Sugar Surges Most in Nine Months on Dim Outlook for Brazil Crop
Sugar jumped the most since October after an industry group said output would decline in Brazil, the world’s biggest grower.
Production in the Center South, Brazil’s largest growing area, may drop by as much as 1 million metrics in the current season compared with a year earlier, Unica said today. The sweetener has gained 73 percent in the past 12 months.
“People are getting extremely pessimistic about the Brazilian crop,” said Bruno Lima, a risk-management consultant at FCStone Group Inc. in Campinas, Brazil.
Raw sugar for October delivery climbed 1.84 cents, or 6.6 percent, to settle at 29.52 cents a pound at 2 p.m. on ICE Futures U.S. in New York, the biggest gain since Oct. 7.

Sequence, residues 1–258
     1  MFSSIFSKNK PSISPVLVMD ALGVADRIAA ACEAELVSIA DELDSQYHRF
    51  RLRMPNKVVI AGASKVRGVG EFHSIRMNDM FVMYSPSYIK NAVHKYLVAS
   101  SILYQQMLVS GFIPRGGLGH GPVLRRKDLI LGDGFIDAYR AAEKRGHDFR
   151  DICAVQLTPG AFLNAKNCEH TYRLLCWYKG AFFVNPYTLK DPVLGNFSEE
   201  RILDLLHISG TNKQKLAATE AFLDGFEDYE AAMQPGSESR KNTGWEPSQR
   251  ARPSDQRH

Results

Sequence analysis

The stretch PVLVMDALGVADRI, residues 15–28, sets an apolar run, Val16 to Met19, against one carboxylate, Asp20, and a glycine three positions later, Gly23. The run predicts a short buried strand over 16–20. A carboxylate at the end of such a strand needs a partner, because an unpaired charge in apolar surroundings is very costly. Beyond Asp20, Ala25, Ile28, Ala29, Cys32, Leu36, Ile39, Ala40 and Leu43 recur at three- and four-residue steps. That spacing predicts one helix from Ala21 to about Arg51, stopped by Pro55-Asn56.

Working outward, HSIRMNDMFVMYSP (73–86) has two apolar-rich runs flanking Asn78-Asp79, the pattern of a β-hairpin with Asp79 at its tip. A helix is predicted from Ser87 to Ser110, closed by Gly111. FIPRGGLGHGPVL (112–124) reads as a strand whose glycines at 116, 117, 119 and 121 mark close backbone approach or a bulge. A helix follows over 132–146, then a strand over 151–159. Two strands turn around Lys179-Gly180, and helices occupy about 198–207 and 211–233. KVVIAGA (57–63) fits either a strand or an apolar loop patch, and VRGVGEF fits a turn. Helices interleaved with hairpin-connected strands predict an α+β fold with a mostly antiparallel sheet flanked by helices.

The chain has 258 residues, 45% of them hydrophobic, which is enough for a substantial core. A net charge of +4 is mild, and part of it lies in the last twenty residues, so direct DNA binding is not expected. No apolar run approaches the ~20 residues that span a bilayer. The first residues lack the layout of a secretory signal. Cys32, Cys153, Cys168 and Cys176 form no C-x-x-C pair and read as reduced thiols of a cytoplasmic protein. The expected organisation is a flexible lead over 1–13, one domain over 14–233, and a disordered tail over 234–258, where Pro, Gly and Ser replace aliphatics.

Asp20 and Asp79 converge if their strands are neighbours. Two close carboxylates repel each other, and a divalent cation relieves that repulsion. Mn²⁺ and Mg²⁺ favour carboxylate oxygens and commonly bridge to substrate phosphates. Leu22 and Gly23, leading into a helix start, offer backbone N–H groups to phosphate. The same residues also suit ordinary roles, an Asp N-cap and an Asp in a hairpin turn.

“Funds are back in the market,” said Jeff Bauml, a senior vice president at R.J. O’Brien & Associates, a broker in New York. Prices will rise to 32 cents this month, he said.
Cane processing will total 535 million metric tons in the 2011-2012 season, or 40 million tons less than the previous estimate and below last year’s harvest of 557 million, C. Czarnikow Sugar Futures Ltd. said in a report yesterday. Goldman Sachs Group Inc. said today that the revised output estimate represents an “upside risk” to the bank’s three-month price forecast of 25 cents.
Production in the Center South region has declined almost 25 percent this season from a year earlier, according to Unica.
“Persistently weak crushing data out of Center South Brazil has supported prices as the market begins to price in a full-year cane crush below 540 million metric tons,” Morgan Stanley analyst Hussein Allidina wrote in a report dated yesterday.
In London, refined-sugar futures surged 5.5 percent to $745 a metric ton on NYSE Liffe. That’s the largest advance since Nov. 18.
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